Reviewed by Sheryl Root
Love's Abiding Joy
"...an enjoyable, family-friendly film."
Love’s Abiding Joy, directed and co-executive produced by Michael Landon, Jr., is the fourth movie based on Janette Oke’s series, Love Comes Softly. It’s an enjoyable, family-friendly film. However, as its rating of PG suggests, parents should decide if younger children are mature enough to understand the themes of loss and grief so compellingly portrayed.
Missie & Willie LaHaye, like many ranchers in their area, are fighting to keep their ranch going. The recent drought has made things difficult for everyone, and many have lost their homes. When Missie’s father, Clark, travels west to visit them, it is a joyous reunion. It’s been years since she has seen her parents, and the first time Clark has seen his grandchildren. When a tragedy strikes soon after Clark’s arrival, the LaHaye’s find themselves faced with the ultimate test. Will they be able to trust God and stick together as a family? Or will they be driven apart by their grief and loss?
Differences between the book and movie were not immediately obvious to me—probably because it’s been years since I last read Janette’s wonderful series. I know that, whatever the differences may be, the movie captured the spirit of the book well, with beautiful cinematography and a score that, other than a scene ending where I felt the music was a bit melodramatic, perfectly captured the film’s heart.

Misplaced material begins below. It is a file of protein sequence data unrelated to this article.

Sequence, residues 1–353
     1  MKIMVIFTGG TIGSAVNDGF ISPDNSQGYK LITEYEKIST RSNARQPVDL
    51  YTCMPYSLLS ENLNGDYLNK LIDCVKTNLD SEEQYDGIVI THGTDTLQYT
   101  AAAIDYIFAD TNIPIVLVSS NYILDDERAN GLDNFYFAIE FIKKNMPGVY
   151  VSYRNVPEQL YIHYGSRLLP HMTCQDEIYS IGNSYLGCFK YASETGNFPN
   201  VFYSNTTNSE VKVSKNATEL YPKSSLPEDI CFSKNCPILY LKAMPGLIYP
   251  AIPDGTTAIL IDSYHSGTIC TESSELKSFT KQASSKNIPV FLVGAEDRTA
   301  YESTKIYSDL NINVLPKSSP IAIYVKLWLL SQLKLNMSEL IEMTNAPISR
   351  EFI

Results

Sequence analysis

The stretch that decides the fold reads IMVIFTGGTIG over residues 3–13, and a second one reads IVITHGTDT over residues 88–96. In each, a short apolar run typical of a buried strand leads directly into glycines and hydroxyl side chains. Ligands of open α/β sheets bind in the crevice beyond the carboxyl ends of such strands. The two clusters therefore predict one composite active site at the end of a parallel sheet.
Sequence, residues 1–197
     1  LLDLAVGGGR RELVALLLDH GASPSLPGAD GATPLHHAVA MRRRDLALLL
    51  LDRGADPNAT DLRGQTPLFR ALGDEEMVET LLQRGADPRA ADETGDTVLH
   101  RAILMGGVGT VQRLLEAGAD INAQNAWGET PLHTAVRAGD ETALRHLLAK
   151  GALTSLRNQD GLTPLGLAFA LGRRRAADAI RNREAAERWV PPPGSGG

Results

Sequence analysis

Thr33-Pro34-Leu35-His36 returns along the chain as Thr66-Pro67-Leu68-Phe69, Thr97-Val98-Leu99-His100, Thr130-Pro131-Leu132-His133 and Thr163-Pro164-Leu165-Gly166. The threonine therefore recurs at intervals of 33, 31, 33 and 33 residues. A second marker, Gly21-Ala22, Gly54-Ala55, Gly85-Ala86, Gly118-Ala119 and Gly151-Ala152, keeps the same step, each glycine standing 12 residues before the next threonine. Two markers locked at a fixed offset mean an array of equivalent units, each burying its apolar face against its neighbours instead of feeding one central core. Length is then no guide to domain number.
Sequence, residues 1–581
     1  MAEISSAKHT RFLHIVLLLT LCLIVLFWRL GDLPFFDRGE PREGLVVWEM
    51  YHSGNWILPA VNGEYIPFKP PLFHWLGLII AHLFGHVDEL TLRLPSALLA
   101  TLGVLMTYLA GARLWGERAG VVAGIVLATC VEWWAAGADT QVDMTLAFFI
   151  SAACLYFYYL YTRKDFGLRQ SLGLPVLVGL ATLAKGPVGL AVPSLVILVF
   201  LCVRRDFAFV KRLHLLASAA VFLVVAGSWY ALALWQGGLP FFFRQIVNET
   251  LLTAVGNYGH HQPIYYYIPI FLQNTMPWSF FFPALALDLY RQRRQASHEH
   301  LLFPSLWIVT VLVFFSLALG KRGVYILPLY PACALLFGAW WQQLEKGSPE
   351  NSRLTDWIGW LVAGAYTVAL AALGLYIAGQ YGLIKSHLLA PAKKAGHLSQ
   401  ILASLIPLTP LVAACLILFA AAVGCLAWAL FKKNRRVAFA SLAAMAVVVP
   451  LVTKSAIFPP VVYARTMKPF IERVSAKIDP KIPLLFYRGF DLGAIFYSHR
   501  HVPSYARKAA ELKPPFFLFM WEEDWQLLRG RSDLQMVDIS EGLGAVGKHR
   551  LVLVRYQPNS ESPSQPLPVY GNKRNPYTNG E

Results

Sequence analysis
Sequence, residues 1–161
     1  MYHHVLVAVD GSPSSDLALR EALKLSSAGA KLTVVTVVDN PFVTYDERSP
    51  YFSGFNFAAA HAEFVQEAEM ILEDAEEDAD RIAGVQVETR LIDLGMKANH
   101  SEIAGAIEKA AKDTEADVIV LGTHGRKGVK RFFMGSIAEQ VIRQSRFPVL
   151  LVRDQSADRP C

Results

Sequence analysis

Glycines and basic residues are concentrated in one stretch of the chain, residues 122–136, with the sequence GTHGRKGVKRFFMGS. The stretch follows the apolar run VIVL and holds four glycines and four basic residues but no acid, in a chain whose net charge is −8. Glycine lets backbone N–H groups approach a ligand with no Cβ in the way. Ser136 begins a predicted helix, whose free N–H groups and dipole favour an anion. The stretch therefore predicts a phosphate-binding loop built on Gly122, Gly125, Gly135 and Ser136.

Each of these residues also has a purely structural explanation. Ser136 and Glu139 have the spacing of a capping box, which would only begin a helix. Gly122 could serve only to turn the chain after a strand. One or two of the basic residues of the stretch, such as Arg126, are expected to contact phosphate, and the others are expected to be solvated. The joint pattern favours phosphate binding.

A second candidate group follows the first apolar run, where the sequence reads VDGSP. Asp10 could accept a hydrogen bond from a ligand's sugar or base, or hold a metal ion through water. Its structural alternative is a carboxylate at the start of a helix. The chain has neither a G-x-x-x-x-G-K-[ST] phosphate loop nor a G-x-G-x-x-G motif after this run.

Viewing all three of the previous movies first is not essential, although I do think that those who have will find it easier to jump into the story. I watched the first, Love Comes Softly, a few years ago and loved it, but I have not yet seen the two in between.
Love’s Abiding Joy seemed to have more plot threads than Love Comes Softly did, making it feel somewhat rushed, with less time for character development. My connection with Missie and Willie (capably played by Erin Cottrell and Logan Bartholomew) was not as deep as it was with Clark and Marty in the first film (played by Dale Midkiff and Katherine Heigl—now a cast member of Grey’s Anatomy). Dale reprises his role as Clark here, but without seeing him in the earlier movies, I’m afraid viewers may take away a more one-dimensional portrait of his character than he deserves. Erin & Logan’s portrayal of Missie and Willie’s grief, and the strain this can put on a marriage, was convincing. However, my favorite scenes were with their adopted son, Jeff, (played by Drew Tyler Bell) and the mayor’s headstrong daughter, Collette, (played by Mae Whitman). Their growing relationship was refreshing and engaging—a high point of the story.
Those who appreciate the values of faith and family in Little House on the Prairie and Christy will enjoy this series of movies as well. I hope viewers will be inspired to read the books themselves. Janette Oke was a pioneer (no pun intended) in Christian fiction, and while “prairie romance” often is looked down upon today, these books opened up doors for today’s writers across all genres of Christian fiction. I greatly appreciate Michael Landon, Jr. for bringing these wonderful stories to film.
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Sheryl Root is Partner Database Manager at OneHope, a non-profit organization whose mission is to reach every child with God’s Word. She’s also a writer and a reader of everything she can get her hands on … books, blogs, magazines. In other words, she’s both a data geek and a book nerd. She loves to be able to support Christian authors and spread the word on great books and is a member of American Christian Fiction Writers, a wonderful community of published and yet to be published writers. You can follow her on Twitter at @Sheryl_Root.